Homelessness, Addiction, Mental Illness: It can happen to anyone

Homelessness, Addiction, Mental Illness: It can happen to anyone


Syed is relatively new to Welland and he loves the small town feel of it. “Everything I need is right here, what more is there?” he says. He lived most of his life in Toronto, and how he came to call Welland home is a poignant story.

Syed has a background in psychiatric nursing and after graduating from Humber College, he made his way to Toronto, working in the Emergency department at one of the hospitals, while also leading an Assertive Community Treatment (ACT) team full time. He was wildly successful and enjoyed living “the high life”. For most of his life, Syed has suffered from bipolar disorder, a hereditary illness passed down from his mother. He managed it fairly well until about five years ago when he had to stop taking his medication due to complications with his liver. It was then that he began to suffer manic periods with extreme highs and severe lows coupled with psychotic and major depressive episodes. In an effort to cope, he turned to alcohol and cocaine, and quickly found himself on a downward spiral. Before long, he was in and out of the hospitals where he himself had worked, but this time as a patient.

Gambling brought him to Niagara Falls where he lived in a motel, spending all of his hard earned money on feeding his addictions. It was at this motel where he hit rock bottom. He describes with candour an attempt to ‘get clean’ on his own; suffering hallucinations and delirious tremors, he called the police claiming he had been shot. Emergency services arrived to find Syed hiding in his room hallucinating. They brought him to the hospital where he stayed for a month, before being transferred to a rehabilitation facility in Port Colborne. It was during his stay there that he was introduced to The Hope Centre in Welland.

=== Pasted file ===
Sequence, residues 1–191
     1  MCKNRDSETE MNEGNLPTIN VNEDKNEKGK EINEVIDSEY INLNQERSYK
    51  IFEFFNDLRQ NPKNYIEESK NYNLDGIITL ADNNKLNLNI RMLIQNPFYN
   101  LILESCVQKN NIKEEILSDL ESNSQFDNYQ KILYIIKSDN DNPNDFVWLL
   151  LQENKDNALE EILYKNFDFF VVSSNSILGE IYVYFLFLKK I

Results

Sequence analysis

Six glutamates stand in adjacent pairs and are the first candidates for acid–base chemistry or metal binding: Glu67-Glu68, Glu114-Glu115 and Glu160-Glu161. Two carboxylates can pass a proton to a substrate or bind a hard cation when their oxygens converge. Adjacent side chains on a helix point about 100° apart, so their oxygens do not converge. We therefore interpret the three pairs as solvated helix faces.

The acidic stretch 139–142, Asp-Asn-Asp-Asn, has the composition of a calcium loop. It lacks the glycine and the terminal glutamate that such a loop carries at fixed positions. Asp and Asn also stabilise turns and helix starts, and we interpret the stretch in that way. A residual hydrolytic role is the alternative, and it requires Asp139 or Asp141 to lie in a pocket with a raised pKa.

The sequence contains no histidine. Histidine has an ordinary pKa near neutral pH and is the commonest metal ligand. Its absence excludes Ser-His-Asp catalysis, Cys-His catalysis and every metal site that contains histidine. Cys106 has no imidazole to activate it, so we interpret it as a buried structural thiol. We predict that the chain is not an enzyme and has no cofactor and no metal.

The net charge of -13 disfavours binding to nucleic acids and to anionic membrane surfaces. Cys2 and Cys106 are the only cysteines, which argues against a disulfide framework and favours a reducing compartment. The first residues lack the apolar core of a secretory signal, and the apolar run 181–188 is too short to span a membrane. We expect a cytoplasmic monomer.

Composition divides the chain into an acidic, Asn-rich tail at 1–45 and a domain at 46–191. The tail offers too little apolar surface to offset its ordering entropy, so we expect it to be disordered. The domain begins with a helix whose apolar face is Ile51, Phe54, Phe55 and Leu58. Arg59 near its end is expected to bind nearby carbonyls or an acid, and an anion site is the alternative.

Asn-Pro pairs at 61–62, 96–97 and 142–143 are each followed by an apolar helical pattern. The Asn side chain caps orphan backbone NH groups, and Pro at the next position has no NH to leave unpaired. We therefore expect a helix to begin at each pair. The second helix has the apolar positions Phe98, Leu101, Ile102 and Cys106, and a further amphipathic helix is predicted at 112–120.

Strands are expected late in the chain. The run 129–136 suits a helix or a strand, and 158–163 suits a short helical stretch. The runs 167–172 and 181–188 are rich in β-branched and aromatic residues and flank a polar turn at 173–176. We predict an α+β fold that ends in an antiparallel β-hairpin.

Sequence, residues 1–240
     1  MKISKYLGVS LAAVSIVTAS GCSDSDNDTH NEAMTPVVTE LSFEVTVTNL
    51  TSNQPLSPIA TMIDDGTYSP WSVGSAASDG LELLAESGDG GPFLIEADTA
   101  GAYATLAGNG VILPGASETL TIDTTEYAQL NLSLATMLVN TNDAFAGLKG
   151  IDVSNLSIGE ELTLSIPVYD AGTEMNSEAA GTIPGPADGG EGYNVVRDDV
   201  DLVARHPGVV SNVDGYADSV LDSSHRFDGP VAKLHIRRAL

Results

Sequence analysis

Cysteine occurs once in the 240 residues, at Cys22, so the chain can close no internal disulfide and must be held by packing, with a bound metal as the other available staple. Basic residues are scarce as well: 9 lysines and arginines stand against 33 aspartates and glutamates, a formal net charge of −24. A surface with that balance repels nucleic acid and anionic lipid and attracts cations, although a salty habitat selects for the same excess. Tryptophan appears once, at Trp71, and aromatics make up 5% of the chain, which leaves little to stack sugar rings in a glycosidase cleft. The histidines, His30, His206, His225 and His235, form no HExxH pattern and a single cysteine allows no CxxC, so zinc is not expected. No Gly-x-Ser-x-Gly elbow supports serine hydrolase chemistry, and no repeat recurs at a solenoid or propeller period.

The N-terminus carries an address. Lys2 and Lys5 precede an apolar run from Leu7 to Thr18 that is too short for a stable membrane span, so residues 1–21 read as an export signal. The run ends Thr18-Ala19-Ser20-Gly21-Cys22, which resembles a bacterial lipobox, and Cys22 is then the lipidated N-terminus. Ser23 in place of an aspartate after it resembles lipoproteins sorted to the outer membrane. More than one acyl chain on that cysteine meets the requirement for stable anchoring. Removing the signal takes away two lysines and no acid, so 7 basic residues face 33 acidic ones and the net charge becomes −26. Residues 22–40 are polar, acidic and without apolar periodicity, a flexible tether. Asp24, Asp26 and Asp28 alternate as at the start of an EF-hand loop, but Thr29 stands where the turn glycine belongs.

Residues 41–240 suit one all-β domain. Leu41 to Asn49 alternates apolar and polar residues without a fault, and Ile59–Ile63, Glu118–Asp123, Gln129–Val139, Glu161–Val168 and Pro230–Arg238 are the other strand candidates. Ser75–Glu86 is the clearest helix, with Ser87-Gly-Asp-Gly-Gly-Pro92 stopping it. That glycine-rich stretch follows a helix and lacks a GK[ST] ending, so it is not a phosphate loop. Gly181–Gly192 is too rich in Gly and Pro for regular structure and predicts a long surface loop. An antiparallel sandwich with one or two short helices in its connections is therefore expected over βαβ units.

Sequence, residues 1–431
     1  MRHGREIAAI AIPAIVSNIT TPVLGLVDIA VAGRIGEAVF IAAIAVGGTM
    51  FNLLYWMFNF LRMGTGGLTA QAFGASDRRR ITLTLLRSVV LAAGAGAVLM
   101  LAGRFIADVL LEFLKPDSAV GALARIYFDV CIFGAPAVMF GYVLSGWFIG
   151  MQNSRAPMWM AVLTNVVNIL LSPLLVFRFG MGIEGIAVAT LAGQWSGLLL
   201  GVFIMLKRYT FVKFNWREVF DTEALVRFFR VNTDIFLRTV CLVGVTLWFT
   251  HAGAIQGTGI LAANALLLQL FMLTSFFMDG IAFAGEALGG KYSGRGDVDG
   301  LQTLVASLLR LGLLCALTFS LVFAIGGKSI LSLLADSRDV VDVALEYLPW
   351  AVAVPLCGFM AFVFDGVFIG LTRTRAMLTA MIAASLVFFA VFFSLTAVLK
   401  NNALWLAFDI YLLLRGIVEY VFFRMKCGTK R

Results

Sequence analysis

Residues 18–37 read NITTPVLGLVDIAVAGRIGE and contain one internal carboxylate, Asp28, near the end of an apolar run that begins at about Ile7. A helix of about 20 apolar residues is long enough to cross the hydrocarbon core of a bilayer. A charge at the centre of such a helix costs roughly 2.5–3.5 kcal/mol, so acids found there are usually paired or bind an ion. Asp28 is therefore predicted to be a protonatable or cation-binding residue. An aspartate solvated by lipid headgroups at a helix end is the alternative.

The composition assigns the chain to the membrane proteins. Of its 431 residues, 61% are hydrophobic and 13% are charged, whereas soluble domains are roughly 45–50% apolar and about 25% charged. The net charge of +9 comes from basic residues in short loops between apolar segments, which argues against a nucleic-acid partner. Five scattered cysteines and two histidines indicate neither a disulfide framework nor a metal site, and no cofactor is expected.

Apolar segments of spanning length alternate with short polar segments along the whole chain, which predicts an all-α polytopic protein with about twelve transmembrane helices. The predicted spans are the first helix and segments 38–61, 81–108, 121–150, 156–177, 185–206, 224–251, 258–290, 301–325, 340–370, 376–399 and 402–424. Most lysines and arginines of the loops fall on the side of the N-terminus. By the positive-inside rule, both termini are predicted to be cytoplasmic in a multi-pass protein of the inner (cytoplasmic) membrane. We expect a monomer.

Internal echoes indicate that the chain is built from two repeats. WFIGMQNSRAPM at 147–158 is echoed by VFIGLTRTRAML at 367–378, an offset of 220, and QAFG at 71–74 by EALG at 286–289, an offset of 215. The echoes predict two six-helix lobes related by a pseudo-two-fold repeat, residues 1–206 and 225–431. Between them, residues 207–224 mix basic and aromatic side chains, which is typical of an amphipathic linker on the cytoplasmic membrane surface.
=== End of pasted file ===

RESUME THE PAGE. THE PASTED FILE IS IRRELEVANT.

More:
“It lives up to its name because it really did give me hope” he says. He’s been working with Camille, his counselor and “saviour” for the last eight months. She found him proper housing and stability for the first time in a long time. With her support and guidance, he has found many positive ways of coping with his illness such as proper rest, some medication, painting and even volunteering at The Hope Centre. He spends three days a week in the kitchen with Gina, where he is able to help people who are just like he was not so long ago. Syed has a unique outlook on life now; he understands how easy it is to give in to the power of addiction, “It really can happen to anybody” he says. His dream is to open a recovery house that focuses on really lifting people up and giving them a spiritual connection, something he has found to be of great help in his own recovery.

“I am deeply humbled by my own experiences,” Syed shares gently, “Never take what you have for granted, because it can be gone in an instant.”